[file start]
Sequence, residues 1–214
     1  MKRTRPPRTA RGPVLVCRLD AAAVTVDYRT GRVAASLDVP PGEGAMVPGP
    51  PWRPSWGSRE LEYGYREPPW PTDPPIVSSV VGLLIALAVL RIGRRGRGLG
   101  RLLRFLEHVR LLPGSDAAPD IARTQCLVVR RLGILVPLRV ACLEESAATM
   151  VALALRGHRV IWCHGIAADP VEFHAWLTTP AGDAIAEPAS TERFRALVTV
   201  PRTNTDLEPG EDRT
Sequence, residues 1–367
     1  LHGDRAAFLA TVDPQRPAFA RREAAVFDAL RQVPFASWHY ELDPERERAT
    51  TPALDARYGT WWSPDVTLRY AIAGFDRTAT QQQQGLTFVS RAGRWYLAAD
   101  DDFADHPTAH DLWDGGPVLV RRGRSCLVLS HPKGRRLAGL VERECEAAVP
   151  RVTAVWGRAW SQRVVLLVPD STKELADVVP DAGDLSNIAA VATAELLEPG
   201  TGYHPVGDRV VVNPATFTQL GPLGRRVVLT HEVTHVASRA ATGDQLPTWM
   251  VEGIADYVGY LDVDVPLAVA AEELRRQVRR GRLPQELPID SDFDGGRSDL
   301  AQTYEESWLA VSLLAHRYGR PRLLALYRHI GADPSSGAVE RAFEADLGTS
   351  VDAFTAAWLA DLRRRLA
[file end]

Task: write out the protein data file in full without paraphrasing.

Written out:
Sequence, residues 1–214
     1  MKRTRPPRTA RGPVLVCRLD AAAVTVDYRT GRVAASLDVP PGEGAMVPGP
    51  PWRPSWGSRE LEYGYREPPW PTDPPIVSSV VGLLIALAVL RIGRRGRGLG
   101  RLLRFLEHVR LLPGSDAAPD IARTQCLVVR RLGILVPLRV ACLEESAATM
   151  VALALRGHRV IWCHGIAADP VEFHAWLTTP AGDAIAEPAS TERFRALVTV
   201  PRTNTDLEPG EDRT
Sequence, residues 1–367
     1  LHGDRAAFLA TVDPQRPAFA RREAAVFDAL RQVPFASWHY ELDPERERAT
    51  TPALDARYGT WWSPDVTLRY AIAGFDRTAT QQQQGLTFVS RAGRWYLAAD
   101  DDFADHPTAH DLWDGGPVLV RRGRSCLVLS HPKGRRLAGL VERECEAAVP
   151  RVTAVWGRAW SQRVVLLVPD STKELADVVP DAGDLSNIAA VATAELLEPG
   201  TGYHPVGDRV VVNPATFTQL GPLGRRVVLT HEVTHVASRA ATGDQLPTWM
   251  VEGIADYVGY LDVDVPLAVA AEELRRQVRR GRLPQELPID SDFDGGRSDL
   301  AQTYEESWLA VSLLAHRYGR PRLLALYRHI GADPSSGAVE RAFEADLGTS
   351  VDAFTAAWLA DLRRRLA